Digital engagement has seen an upward trend over the last decade, and the pandemic has only steepened this slope with 86% of customers willing to pay more for a better customer experience. What do these two trends mean for insurers? The insurance industry has always suffered from proactive engagement because insurance has been construed as a transaction-based product rather than a service. Today’s digital-savvy customers think otherwise. They are willing to engage digitally, and expect proactive engagement from their insurers too. Still, only 22% of insurance companies have launched products with real-time mobile or internet-based services.
Call it value-added services or add-ons, these novel offerings are redefining what engagement means and are generating better ROI for their stakeholders as a result. Investing in customer experience does pay, but this is also a question of retention – how do you engage with a customer who has already purchased property insurance from you, and has never filed a claim?
To expect loyalty, learn to gauge expectations
Customer loyalty is a two-way street. Retaining the customer means keeping them delighted with your product so that they don’t look elsewhere. In the insurance industry, high lapse and customer attrition rates are not the only evidence of dissatisfaction. What about the customers who stay on your insurance policy due to auto-renewal, lack of time to review their policies, or simply from inertia?
Customer loyalty is a metric, but retention doesn’t sum it up adequately. Customer loyalty is personified by those customers who have stayed with you through the lifetime of the underlying product, despite being approached by competitors with a better value proposition. Consider an example from outside the industry: Apple customers hooked to the Macintosh ecosystem because of the value it adds to their work/personal life.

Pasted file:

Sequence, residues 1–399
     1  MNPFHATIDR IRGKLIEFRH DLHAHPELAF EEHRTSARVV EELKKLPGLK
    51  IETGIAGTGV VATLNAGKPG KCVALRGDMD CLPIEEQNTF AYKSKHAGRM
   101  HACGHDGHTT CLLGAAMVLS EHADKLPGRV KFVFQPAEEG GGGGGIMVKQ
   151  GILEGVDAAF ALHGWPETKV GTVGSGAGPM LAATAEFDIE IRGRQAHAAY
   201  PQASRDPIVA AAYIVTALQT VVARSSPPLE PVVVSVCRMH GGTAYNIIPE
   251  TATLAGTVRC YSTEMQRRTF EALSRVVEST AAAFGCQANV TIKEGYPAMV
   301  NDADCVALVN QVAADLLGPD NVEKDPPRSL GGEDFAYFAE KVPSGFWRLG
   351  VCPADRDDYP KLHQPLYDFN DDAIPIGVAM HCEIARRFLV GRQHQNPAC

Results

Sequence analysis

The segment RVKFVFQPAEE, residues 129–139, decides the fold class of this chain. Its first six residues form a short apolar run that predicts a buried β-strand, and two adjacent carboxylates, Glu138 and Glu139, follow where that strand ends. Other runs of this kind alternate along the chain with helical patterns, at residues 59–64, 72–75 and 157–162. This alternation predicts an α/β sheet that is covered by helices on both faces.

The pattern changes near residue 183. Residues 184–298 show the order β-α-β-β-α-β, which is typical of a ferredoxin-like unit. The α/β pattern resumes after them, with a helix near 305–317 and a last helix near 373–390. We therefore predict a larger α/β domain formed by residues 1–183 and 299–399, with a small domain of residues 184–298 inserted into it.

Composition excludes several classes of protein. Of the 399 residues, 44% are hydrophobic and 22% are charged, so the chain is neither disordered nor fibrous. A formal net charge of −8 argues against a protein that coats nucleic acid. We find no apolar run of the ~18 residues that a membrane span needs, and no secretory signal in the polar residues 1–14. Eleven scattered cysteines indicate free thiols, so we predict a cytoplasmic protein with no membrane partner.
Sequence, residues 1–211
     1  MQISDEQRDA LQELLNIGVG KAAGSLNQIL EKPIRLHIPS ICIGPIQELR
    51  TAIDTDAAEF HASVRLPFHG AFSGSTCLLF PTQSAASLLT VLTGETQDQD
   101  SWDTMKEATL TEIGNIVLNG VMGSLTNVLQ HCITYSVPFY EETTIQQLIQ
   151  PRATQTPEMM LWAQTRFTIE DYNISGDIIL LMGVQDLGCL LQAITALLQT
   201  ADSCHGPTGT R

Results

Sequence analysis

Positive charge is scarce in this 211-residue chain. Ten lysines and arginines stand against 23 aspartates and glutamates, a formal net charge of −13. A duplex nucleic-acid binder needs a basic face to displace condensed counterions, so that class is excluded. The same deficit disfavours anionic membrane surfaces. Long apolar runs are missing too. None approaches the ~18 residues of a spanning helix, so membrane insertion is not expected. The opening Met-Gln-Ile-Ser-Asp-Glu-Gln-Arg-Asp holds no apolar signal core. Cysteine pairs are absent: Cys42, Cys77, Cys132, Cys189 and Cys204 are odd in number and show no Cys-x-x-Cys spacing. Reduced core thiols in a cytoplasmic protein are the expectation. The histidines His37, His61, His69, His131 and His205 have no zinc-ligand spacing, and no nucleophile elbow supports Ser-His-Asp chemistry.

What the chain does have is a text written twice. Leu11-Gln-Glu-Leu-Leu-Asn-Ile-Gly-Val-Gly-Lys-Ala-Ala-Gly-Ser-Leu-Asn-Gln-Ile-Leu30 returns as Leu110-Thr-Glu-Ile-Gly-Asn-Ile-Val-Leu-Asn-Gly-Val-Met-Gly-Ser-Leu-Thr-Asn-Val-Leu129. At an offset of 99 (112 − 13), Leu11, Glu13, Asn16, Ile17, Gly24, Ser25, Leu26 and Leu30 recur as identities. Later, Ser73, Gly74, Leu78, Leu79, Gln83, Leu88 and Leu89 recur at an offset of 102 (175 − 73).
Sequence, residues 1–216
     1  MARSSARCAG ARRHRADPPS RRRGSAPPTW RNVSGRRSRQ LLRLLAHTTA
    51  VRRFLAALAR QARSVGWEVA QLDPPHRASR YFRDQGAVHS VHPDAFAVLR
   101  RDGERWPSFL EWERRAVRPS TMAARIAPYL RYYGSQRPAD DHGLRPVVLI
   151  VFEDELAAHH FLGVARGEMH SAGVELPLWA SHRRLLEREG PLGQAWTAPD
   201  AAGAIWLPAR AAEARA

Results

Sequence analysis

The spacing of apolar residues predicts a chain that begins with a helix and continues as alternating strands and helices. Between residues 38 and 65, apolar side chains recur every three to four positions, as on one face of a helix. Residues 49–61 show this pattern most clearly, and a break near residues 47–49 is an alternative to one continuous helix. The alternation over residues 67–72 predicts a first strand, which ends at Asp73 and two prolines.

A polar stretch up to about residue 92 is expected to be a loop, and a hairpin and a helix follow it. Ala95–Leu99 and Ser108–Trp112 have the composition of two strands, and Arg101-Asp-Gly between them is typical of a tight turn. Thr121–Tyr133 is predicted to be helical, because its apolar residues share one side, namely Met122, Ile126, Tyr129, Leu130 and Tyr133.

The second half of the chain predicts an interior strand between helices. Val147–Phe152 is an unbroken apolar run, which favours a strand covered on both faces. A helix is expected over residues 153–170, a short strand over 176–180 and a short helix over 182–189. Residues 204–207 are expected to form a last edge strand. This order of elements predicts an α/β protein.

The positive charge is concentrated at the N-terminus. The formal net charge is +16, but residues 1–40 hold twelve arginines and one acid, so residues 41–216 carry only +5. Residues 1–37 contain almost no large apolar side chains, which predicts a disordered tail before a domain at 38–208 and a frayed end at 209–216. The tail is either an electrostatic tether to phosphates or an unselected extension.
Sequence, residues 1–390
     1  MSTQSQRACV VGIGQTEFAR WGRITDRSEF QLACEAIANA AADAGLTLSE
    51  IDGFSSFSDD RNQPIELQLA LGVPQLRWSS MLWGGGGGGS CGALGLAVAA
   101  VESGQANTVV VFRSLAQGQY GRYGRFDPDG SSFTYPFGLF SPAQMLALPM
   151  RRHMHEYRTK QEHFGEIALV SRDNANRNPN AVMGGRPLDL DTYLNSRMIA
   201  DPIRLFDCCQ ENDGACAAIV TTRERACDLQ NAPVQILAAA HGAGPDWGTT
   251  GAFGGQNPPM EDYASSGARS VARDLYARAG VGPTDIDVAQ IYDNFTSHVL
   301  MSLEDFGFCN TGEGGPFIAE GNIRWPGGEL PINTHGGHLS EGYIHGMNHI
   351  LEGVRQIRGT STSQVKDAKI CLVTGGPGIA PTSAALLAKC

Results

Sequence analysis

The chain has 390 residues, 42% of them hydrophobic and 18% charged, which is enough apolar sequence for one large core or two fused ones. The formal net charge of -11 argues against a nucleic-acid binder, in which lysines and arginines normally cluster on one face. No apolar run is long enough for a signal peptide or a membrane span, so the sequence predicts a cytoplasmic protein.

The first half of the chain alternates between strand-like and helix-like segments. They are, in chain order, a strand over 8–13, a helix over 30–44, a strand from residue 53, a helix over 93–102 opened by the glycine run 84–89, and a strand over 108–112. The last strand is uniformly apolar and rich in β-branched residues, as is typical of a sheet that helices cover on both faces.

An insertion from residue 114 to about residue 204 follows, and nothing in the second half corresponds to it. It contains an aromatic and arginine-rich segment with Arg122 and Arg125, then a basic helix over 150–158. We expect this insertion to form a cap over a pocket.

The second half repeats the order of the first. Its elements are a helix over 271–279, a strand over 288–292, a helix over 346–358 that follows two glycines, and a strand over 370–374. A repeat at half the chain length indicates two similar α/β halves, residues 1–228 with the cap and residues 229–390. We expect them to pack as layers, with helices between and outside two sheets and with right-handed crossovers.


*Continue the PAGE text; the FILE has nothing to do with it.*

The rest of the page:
So how do you understand what the customer wants? Enterprises today fail to gauge the needs of a customer because they fail to see the customer themselves. Imagine if an insurance agent could leverage the fact that your health insurance customer has been recording irregular heart rhythms on their smart watch for the past few days. But when the agent calls your customer, wouldn’t it be nice if they knew about the policyholder’s age, medical history, and other interactions with your company? The customer gets a more empathetic interaction, while your company scores five more stars on retention. Almost half the customers report dissatisfactory interactions with insurance companies, indicating that the positive scenario described above is only half-probable to the customer.
Use case: property insurance
The root of the problem lies in the fact that most enterprises treat the customer as various data points through different steps of the customer journey. To the risk manager, your auto insurance customer is an aggregate of their vehicle’s data points, while in the claims settlement process, they become legal checkboxes. Today’s customers expect more, and the key to delivering it lies in leveraging data and seeing the customer as a person.